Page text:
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    Re: lunar parallax killed Amelia Earhart
    From: Doug Royer
    Date: 2006 May 17, 17:25 -0700

    Here is the title and authors of the book I read about this. It's very good
    in technical and historical detail (although nothing is proved or
    finalized). It most likely is at your public library as that is where I
    picked it up.
    "Amelia Earhart: The Mystery Solved"
    Elgin and Marie Long
    Not going to argue about what you pointed out as I can't remember exactly
    what the book's author stated as ALL the celestial/navigational miscues that
    may have happened. But the gist of the book was of the combination of all
    the errors by all parties (especially the miscommunication about the radio
    frequencies to be used and the times to hail/use them by the plane, ships
    and shore station involved) lead to the failure. He did not bash Noonan's
    skills in the book. And Noonan did have a sextant onboard. At least before
    take off. He could have taken his cut/cuts out of the forward windows. There
    was mechanical trouble with the plane even before they got to the island
    (New Guinea?) and how well was it fixed or repaired? The plane was grossly
    overloaded with fuel and barely made it off the island at take off. Were the
    head winds grossly miscalculated? Thus putting them grossly out of position
    and/or consuming much more fuel than they calculated or allowed for.
    The book was written by a pilot who flew the guestimated track. It had chart
    diagrams of what he thought the plots of Noonan's LOPs looked like and he
    explained the "mistakes" in detail and the consequences of each mistake on
    the final outcome.
    It is interesting that the ships on station were able to receive some of
    Earhart's calls but couldn't communicate with her radio. And how well did
    her radio-direction finder really function? Was it calibrated and did she
    really understand how to use it?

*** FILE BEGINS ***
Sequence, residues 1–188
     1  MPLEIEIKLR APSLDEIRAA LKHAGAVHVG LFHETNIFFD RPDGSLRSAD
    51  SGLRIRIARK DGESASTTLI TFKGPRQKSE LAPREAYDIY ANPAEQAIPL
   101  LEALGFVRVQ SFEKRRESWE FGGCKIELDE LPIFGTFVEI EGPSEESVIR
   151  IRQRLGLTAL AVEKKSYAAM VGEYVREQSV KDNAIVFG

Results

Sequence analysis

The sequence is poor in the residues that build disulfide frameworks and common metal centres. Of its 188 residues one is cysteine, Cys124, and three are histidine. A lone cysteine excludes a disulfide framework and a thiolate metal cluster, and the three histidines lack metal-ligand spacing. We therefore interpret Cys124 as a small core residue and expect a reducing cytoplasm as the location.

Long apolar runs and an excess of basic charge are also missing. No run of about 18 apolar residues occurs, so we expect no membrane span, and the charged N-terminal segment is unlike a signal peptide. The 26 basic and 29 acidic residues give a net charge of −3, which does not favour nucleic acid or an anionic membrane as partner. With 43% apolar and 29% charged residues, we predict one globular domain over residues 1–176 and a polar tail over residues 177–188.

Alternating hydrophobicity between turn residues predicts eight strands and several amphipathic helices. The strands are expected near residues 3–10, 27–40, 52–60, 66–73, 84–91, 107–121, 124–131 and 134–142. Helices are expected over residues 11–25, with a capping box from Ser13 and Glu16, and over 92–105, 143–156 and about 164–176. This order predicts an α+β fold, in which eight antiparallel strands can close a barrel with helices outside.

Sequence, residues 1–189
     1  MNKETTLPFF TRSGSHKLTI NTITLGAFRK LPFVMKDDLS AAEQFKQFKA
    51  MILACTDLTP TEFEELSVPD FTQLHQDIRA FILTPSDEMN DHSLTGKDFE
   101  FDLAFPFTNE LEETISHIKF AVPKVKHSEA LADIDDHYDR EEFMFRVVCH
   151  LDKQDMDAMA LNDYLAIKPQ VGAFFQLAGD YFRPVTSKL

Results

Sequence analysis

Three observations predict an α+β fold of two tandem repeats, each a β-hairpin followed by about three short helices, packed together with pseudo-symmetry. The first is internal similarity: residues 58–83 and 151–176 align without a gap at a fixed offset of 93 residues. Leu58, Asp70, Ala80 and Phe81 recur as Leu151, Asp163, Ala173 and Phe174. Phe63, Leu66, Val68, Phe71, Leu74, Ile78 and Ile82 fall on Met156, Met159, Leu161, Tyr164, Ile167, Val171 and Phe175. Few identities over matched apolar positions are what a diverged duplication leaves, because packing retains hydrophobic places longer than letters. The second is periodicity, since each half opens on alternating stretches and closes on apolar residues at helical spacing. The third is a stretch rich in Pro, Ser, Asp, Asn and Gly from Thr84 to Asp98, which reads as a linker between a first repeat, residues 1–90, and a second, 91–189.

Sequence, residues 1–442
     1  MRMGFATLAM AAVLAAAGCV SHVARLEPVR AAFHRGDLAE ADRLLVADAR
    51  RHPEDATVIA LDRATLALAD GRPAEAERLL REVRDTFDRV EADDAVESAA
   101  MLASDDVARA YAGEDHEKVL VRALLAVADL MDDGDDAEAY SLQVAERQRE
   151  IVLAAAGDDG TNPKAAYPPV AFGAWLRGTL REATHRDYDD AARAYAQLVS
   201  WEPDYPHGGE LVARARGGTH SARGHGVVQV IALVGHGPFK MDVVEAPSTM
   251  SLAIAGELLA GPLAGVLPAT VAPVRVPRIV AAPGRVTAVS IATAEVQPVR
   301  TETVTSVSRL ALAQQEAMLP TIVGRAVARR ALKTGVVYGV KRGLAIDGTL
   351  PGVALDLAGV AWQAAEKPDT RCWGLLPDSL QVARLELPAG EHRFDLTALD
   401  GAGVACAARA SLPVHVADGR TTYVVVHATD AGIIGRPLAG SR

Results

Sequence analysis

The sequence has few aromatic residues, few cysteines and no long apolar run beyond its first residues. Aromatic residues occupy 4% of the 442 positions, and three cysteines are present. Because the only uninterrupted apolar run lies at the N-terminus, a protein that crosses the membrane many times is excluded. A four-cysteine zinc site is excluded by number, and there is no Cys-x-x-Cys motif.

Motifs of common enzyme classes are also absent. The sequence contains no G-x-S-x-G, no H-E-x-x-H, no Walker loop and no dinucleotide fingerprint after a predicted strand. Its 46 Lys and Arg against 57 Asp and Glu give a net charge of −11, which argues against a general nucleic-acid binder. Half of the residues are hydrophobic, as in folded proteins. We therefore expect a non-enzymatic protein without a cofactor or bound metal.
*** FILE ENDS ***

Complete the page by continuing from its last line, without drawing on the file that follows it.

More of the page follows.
How clear was the atmosphere at altitude that morning when they did make the
    157/337 line turn to find the Island? Could they have even seen it if they
    were off by 25 miles from where they thought they were?
    No one heard any Mayday or distress calls from the plane even though they
    received other calls from her during at least 1 leg of the flight. Did she
    or they switch frequencies at the wrong time again?
    It is a very interesting story. I will find the title of the book and the
    author's name in the next few days and post it up.
    > This web page speculates that Amelia Earhart and Fred Noonan missed
    > Howland Island because Noonan failed to correct for parallax when he
    > shot the Moon:
    I believe Noonan precomputed his sight reductions (that's what I would
    do), so if he did make that mistake, it would have happened on the
    ground. A blunder that big seems unlikely, though.
    The 1939 edition of "Practical Air Navigation" (U.S. Department of
    Commerce publication) has a Moon altitude correction table. It's much
    like a modern table. You go down the left-hand column to find altitude,
    then move across until you come to the column corresponding to the
    Moon's parallax in altitude. The tabulated value at this point is the
    combined parallax, refraction, and semidiametor correction.
    This inventory of the plane's contents
    includes a 1937 Nautical Almanac near the bottom. I don't see sight
    reduction tables. Perhaps the
    "Navigation Tables for Mariners and Aviators" served that purpose. No
    sextant either. Maybe one of the navigators removed it.
    The FAQ at the TIGHAR site has some pages on the navigation techniques
    utilized on the flight:
    It says Fred Noonan had only one side window to make his celestial
    observations. That's almost unbelievable.
    Considerable space is devoted to explaining the meaning of the 157/337
    line Earhart mentioned in one of her last transmissions. According to
    the web site, it's a line of position obtained by noting the time of
    sunrise as they flew toward Howland Island. (The Sun would have risen on
    bearing 67? true; their inbound course was 77?.)
    What I don't understand is why Earhart and Noonan would advance this LOP
    and fly along it two hours later. A sunrise observation is the worst for
    refraction error. Add the error due to advancing the LOP, and it's not a
    pretty picture.
    If I were the navigator, I'd prepare a table of the Sun's altitude vs.
    time for Howland Island. Outbound from Lae, offset the course so the
    plane will definitely miss Howland to one side, say to the south. When
    my DR says we're on that Sun line, have Earhart turn left and put the
    Sun on our beam. Now it's conveniently positioned for observing through
    the side window. By comparing observed altitude to my table, I can see
    whether we're left or right of the LOP, in near real time. Staying on it
    should lead us to Howland. That's one of the standard airborne celestial
    techniques for making landfall on an island in the ocean.
    Noonan surely knew the method, but apparently didn't use it. I don't
    know why. Cloud cover doesn't seem to have been serious. Itasca's deck
    log says the sky was 3/10 obsured, and Earhart reported no trouble with
    The 157/337 line does make the lunar parallax theory less plausible. I
    can't see Earhart and Noonan running back and forth along the old
    sunrise LOP advanced to Howland Island if a newer LOP had been available.

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